Lycosidae – Wolf Spider

The Lycosidae, commonly called wolf spiders are a family of hunter spiders found throughout the United States and the rest of the world.

There are many species of the Wolf Spider in North America, many of which look very similar. Twice in the past I asked an entomologist (both times were different entomologists) to help me identify the different Wolf Spiders that have been sent to me. Both times, they turned me down for the same reason. It is simply too hard to identify the different species of Wolf Spiders without putting the spider under the microscope to look at the genitalia.

Wolf spider lycosidae
A North American wolf spider. Photography by: Anna M. – Traverse City, Michigan

So I learned not to try to do this myself. The information listed is for the Wolf Spider in general and not for any particular species.

A common species of the Wolf Spider is very similar to the common American Grass Spider or the Nursery Web Spider. They often do not have quite the same striping but the best way to tell them apart is by the eye pattern as described below.


The descriptions change from one wolf spider to another, but there are some more common characteristics. The  general shape is of a thick set spider with thicker legs meant for walking, rather than hanging in webs.

The best way for the common  person to recognize a Wolf Spider is by the eyes. Wolf Spiders have a horizontal row of four smaller eyes. Above those  four eyes, is a pair of larger eyes, and above those, is another pair of smaller eyes.

Wolf spider USA
Photography by: Cara Salustro – Baldwin, Michigan


The Wolf Spider can come in all sizes. There are some you will see running around in grass that are only about 3/8” (10 mm), while some species of the Wolf Spider reaches up to around 3” (76 mm). (These sizes include the legs)


The Wolf Spider is a hunting spider and will wander in search of its prey. They usually do not spin webs like most spiders do. Though they have the ability to, they often only do so to attach their eggs to their abdomen and carry them around. Once the babies hatch, they will continue to ride around on the mother’s back until they are large enough to fend for themselves.


The bite from a Wolf Spider can cause some pain, redness and swelling. In some cases, swollen Lymph glands may occur and the skin area at the bite can turn black. Swelling and Pain can last up to 10 days. On a very rare occasion, a bite can cause necrotic lesions similar to the Recluse or Hobo Spider (Neither of which is in Michigan) but nowhere as severe.

The Wolf Spider has a reputation as a dangerous spider that is not deserved and is listed as a low risk danger. They are also one of the more common spiders in the United States. In the fall time, males will wander in search for a mate and sometimes be drawn to the warmer temperatures of our homes. Because of this, it is not uncommon to find them running across our floors during Fall.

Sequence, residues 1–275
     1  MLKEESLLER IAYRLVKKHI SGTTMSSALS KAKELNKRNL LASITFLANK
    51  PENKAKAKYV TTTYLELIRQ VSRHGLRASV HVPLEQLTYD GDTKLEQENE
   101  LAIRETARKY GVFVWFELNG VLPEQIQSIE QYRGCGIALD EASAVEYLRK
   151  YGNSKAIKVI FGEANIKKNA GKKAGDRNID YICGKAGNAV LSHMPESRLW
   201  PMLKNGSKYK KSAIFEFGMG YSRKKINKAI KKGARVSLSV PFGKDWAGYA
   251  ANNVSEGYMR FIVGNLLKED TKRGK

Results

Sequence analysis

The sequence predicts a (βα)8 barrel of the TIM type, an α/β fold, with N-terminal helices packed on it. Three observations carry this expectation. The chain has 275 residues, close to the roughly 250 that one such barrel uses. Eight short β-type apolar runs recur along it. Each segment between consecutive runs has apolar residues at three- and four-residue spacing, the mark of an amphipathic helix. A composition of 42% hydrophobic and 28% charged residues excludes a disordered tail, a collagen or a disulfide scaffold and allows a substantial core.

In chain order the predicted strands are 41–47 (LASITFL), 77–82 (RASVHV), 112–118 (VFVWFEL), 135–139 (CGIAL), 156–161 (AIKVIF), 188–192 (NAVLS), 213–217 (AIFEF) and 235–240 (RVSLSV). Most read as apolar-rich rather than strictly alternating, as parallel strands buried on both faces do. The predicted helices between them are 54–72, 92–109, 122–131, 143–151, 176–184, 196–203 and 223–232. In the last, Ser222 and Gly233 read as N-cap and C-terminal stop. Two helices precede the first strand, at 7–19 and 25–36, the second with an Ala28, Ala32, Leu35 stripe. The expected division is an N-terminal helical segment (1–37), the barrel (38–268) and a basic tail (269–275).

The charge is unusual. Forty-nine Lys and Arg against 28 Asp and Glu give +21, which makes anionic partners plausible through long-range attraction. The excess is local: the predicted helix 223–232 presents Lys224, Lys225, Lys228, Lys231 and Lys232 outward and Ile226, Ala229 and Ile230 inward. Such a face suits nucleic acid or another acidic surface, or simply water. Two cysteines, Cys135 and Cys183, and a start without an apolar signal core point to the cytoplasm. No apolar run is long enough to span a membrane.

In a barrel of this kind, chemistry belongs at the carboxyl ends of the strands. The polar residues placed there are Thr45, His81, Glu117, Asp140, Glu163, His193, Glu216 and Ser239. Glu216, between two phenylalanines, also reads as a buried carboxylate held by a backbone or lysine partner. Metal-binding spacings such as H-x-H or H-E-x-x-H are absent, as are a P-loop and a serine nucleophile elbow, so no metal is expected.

Lycosidae Scientific Classification

  • Kingdom: Animalia
  • Phylum: Arthropoda
  • Subphylum: Chelicerata
  • Class: Arachnida
  • Order: Araneae
  • Infraorder: Araneomorphae
  • Family: Lycosoidea
  • Genus: Lycosidae

Distribution of wolf spiders in the USA

Wolf spider range USA

Various wolf spider species can be found throughout the United States: Alabama, Alaska, Arizona, Arkansas, California, Colorado, Connecticut, Delaware, Florida, Georgia, Hawaii, Idaho, Illinois, Indiana, Iowa, Kansas, Kentucky, Louisiana, Maine, Maryland, Massachusetts, Michigan, Minnesota, Mississippi, Missouri, Montana, Nebraska, Nevada, New Hampshire, New Jersey, New Mexico, New York, North Carolina, North Dakota, Ohio, Oklahoma, Oregon, Pennsylvania, Rhode Island, South Carolina, South Dakota, Tennessee, Texas, Utah, Vermont, Virginia, Washington, West Virginia, Wisconsin, Wyoming.

Pictures of North American wolf spiders

Wolf spider
Photography by: Loni Cloum – Pontiac, Michigan
Rabid wolf spider
A rabid wold spider (Rabidosa rabida) seen in Los Angeles, California by Malcom.
Wolf spider in Montana
Photography by: Melanie Johnson – Arvada, Colorado
North American wolf spider
Photography by: Don Farrell – Barry County, Michigan
Wolf spider photo
Photography by: Kristopher Allyn – Mt. Clemens, Michigan
Lycosidae wolf spider in Michigan
Photography by: Anne Mandrick – Branch, Michigan
Wolf spider Virginia
Photo taken by Dorothy in Fredericksburg, Virginia
Wolf spider in Colorado
Photography by: Melanie Johnson – Arvada, Colorado
Rabid wolf spider in grass Virginia
A rabid wolf spider found in Reston, Virginia by Emma
Lycosidae – Wolf Spider

135 thoughts on “Lycosidae – Wolf Spider

  1. In my basement in Roanoke VA. I live in a forested area at the top of one of the foothills of the Blue Ridge Mountains but not near any water.

    1. Wolf spider covered in babies. South Georgia USA. At least 4 inches overall. That’s a carpenters pencil for scale. Sorry didn’t have a banana.

  2. Hello Susan, thank you for getting in touch. This is most definitely a Tigrosa wolf spider. I’ve moved your ID request to the wolf spider information page. Their bite is not medically significant for humans (more like a bee sting) and they are generally not aggressive. These spiders can safely be relocated and don’t need to be sprayed.
    Let us know if you have any further questions.

  3. Hi! I believe this is a (rather large) wolf spider but would like confirmation. It was outside near an outlet we have our Halloween lights plugged into. It certainly fits in well with our decorations!

    Located in Midlothian, Virginia

  4. Found it dead in our basement today in Richmond, Virginia, covered in webbing. It is hairy. Its body is about 1” without its legs measured.

  5. Thank you! I kinda thought so. I should have kept the molt. How exciting!

    I bonded with this gorgeous arachnid in my garage one night. The next night I found another slightly smaller spider next her (?), dead. After watching her for another day, I cupped her and placed her in a vine outside. I’ve been looking for her identity ever since. She was a light brown/tan, big, sturdy, but graceful, with a dark, broadly striped carapace and abdomen. Smooth, rangy, muscular legs. A real beauty.

  6. In massachusetts found this in the kitchen , the day before one in the living room I’m guessing a juvenile wolf spider?